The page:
Another study involved a 59-year-old man with an eight-year history of Parkinson's disease. The patient's symptomatic improvement on carbidopa-levodopa had begun to subside and he then began to experience dyskinesias during the "on" period, along with a worsening of gait and a mild postural instability. The symptoms became so troublesome that he was forced to stop working.

Researchers grafted fetal neurons into his brain and later assessed the results. Within one and three months following transplantation, the patient's dyskinesias and motor symptoms had disappeared, the "off" time had improved considerably, and the amount of "on" time with dyskinesia had also improved. In addition, the dose of carbidopa-levodopa treatment required to sustain him had been reduced substantially as a direct result of the transplant.

Long-term benefits

If any new treatment is to be useful it must demonstrate a sustained benefit to the patients involved. One issue that has been of primary concern is the long-term outcome of the patients who undergo this transplant procedure. Since an improvement in these patients' symptoms is a direct result of the transplanted fetal dopamine neurons, it is only logical that a demonstration of long term viability of this transplanted tissue would also result in long-term therapeutic benefit.

A recent study has demonstrated just that. The study involved a 69-year-old Parkinson's patient who was responsive to levodopa therapy for six years before she began to experience "on/off" phenomena. She underwent fetal transplantation three years later.

Following the procedure her rigidity and hypokinesia (slowness of movement) gradually improved, as did the "on/off" phenomena, and levodopa could be withdrawn after 32 months (though it was later reinstituted at a low dose). The patient continued to function well with only low dose levodopa treatment and has continued to do so for ten years following the transplant procedure.

It is important in such circumstances to establish a causal relationship between the performance of the implanted tissue and the patient response. So in order to measure the amount of dopamine released from the transplanted tissue, the researchers used a dopamine antagonist called [11C]-raclopride (RAC), which binds to the D2 dopamine receptor. The binding of RAC to the dopamine receptor was then demonstrated by a noninvasive imaging tool called the positron emission tomography (PET) scan.

Their results indicated that the neurons from the fetal graft were releasing dopamine in sufficientamounts. More importantly, it demonstrated that these transplanted neurons have proved to be resistant to the Parkinson's disease process for ten years. Therefore, the study demonstrated not only an impressive clinical improvement in the patient's symptoms, but also in graft viability and function in vivo, rather than at postmortem examination.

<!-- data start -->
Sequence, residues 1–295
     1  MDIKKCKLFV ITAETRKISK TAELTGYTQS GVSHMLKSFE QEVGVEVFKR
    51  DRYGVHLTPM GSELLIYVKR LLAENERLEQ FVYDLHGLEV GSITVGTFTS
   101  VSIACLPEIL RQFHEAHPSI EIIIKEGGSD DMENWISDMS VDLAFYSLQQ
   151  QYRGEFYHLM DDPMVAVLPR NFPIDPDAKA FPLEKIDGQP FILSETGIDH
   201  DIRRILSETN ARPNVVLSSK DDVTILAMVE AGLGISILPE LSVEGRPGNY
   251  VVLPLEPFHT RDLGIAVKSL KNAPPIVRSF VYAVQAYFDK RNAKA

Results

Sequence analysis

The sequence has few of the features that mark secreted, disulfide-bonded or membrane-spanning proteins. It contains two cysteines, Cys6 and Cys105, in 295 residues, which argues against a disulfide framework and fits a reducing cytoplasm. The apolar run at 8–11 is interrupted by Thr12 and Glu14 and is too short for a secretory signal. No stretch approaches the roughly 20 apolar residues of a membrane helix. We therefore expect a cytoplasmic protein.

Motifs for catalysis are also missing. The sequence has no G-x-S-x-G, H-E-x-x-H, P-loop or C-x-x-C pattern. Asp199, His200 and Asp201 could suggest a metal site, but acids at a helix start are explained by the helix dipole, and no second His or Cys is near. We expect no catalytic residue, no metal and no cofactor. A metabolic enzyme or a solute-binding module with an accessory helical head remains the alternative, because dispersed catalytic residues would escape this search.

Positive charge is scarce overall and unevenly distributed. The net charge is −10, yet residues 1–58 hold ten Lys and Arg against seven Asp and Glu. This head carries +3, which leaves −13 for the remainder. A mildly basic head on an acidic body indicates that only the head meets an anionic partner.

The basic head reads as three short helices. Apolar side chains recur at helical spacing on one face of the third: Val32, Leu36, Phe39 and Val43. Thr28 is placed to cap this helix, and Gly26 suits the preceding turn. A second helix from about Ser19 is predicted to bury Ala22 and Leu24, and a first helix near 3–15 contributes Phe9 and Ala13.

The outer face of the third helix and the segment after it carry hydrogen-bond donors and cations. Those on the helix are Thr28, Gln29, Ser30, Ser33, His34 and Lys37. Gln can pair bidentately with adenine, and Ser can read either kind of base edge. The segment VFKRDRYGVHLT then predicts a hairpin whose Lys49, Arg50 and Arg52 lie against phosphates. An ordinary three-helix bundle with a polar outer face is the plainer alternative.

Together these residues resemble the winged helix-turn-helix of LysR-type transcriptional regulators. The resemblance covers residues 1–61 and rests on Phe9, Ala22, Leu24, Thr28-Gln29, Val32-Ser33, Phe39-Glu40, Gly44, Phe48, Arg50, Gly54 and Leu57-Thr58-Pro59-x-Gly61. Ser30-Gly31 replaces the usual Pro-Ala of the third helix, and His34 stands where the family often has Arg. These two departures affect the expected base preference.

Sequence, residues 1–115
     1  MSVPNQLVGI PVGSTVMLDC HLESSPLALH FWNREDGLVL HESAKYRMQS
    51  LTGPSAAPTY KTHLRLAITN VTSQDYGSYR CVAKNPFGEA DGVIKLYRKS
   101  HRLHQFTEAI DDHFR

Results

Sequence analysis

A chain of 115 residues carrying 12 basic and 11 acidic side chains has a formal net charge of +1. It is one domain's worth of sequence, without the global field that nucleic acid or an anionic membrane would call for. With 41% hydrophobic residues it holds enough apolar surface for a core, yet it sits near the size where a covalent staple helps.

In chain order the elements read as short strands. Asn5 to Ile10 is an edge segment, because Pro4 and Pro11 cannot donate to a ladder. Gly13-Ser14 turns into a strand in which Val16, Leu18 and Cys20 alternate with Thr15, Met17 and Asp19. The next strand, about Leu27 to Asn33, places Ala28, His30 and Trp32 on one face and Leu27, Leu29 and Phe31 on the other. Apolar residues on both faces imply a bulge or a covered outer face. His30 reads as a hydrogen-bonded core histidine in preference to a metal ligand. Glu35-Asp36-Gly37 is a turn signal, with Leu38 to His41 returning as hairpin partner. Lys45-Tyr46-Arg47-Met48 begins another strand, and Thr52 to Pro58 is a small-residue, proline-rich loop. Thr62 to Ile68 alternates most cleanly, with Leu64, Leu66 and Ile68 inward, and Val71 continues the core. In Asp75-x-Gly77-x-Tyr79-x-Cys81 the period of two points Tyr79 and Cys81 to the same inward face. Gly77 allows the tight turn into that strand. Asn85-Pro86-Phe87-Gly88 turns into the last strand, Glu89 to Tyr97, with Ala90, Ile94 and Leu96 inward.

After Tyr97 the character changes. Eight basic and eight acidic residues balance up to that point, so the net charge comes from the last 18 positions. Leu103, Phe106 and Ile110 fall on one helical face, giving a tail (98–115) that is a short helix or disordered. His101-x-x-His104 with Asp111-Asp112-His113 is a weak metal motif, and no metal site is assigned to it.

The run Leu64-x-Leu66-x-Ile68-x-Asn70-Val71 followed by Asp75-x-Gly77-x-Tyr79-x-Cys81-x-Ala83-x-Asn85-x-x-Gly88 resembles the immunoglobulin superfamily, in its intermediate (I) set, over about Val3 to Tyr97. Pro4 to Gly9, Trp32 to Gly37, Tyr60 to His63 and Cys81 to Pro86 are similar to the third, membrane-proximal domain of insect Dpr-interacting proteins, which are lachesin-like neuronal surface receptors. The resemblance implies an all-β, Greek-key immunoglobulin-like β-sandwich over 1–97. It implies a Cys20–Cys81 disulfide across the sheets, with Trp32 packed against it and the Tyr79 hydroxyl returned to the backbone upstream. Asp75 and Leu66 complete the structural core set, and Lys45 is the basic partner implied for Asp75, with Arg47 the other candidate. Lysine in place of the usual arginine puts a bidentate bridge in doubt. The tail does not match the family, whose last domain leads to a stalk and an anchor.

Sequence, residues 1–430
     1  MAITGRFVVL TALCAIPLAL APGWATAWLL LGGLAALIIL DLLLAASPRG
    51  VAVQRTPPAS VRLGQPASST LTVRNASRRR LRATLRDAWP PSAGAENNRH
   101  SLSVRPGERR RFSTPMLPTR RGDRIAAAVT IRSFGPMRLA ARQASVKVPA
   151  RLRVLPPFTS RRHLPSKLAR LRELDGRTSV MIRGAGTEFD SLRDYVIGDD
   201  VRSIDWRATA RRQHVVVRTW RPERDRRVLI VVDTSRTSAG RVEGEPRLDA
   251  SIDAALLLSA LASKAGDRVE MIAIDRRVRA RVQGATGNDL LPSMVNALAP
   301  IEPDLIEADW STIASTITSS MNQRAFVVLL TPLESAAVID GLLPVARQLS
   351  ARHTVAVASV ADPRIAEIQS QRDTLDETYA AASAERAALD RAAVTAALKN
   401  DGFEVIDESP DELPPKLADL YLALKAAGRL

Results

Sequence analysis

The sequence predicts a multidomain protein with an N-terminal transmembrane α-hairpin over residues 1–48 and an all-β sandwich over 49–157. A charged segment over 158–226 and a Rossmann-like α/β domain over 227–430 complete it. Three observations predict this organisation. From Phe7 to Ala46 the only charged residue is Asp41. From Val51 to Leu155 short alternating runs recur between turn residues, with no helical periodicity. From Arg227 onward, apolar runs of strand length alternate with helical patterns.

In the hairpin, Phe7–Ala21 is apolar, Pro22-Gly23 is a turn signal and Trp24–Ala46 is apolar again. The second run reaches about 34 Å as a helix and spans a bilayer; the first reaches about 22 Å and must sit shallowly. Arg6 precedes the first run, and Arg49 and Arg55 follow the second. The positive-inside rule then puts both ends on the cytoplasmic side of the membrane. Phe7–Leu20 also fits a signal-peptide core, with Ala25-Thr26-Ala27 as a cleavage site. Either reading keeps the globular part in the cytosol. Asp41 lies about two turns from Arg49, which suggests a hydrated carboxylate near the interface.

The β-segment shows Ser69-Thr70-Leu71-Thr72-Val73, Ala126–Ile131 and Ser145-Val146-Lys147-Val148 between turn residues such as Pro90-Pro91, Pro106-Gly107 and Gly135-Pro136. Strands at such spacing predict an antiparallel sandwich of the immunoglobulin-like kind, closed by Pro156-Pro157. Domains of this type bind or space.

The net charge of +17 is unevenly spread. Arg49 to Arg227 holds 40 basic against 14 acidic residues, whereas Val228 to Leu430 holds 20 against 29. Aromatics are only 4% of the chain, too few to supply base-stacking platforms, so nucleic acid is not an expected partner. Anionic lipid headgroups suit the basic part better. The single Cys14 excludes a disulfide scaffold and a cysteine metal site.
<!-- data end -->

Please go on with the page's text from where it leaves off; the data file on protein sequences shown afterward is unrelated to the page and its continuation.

Future directions

This study settles a large concern of this therapeutic procedure, namely the long-term viability of grafted fetal dopamine neurons and their capacity to help restore dopamine levels in the brain. While the study is an important one, however, it cannot be overlooked that it involved only a single patient. Therefore, it is important to develop further studies on fetal transplants for Parkinson's disease, and this experiment, by virtue of its promising results, should trigger a greater investigative enthusiasm in this area of medicine.

Another consideration is not only the ethical nature but also the availability of aborted fetal tissue. The supply is certainly limited and, this being the case, some researchers have entertained the possibility of using nonhuman donor cells for neural transplants in Parkinson's disease.

One group effectively demonstrated the survival of a neural graft using pig neurons at postmortem examination, seven months following the procedure. This study was the first to document survival of a neuronal xenograft in the human brain. It also demonstrated an effective growth of nonhuman dopamine neurons as a potential therapeutic tool for Parkinson's disease patients, another first.

Despite recent advances in such procedures, neural transplantation for Parkinson's disease remains an experimental phenomenon, and controlled, more detailed, investigations are necessary for it to become an accepted mainstream therapy for the disease.

So if you should, in the future, see our man on the sidewalk, perhaps you will see in a different light. Perhaps his hands will be still and his gait steady. And perhaps you will then feel free to focus on his eyes, and allow him to watch you do so.


References

Deacon T et al. Histological evidence of fetal pig neural cell survival after transplantation into a patient with Parkinson's disease. Nat Med. 1997; 3: 350-353.

Gilman AG et al. Drugs for Parkinson's Disease, Spasticity, and Acute Muscle Spasms chapter. The Pharmacological Basis of Therapeutics. Pergamon Press. 1990. P. 466-472.

Kordower JH et al. Neuropathological evidence of graft survival and striatal reinnervation after the transplantation of fetal mesencephalic tissue in a patient with Parkinson's disease. N Eng J Med. 1995; 332: 1118-1124.

Olanow CW et al. Fetal nigral transplantation as a therapy for Parkinson's disease. Trends Neurosci. 1996; 19: 102-109.

Piccini P et al. Dopamine release from nigral transplants visualized in vivo in a Parkinson's patient. Nat Neurosci. 1999; 2: 1137-1140.


Find Out More...

For further information on fetal neural transplants, contact:

University of Florida
Tampa, Florida
Department of Neurological Sciences
Dr. Robert Hauser
813.253.4077
Studies with pig fetal cell transplants on humans are forthcoming. As a general rule, patients who have Parkinson's disease and have been taking Sinemet for five to ten years are eligible to participate in the
studies. Motor fluctuations and mental capacity should be in good status.
Patients should be available for review
every three to four months.

University of Colorado School of Medicine
Denver, Colorado
Department of Medicine
Sharon Culver
Fetal Neuron Transplant Coordinator
303.315.6927

McLean Hospital
Belmont, Massachusetts
Department of Neurology
Dr. Ole Isacson
Director of Neuro-Regeneration Lab
617.855.2000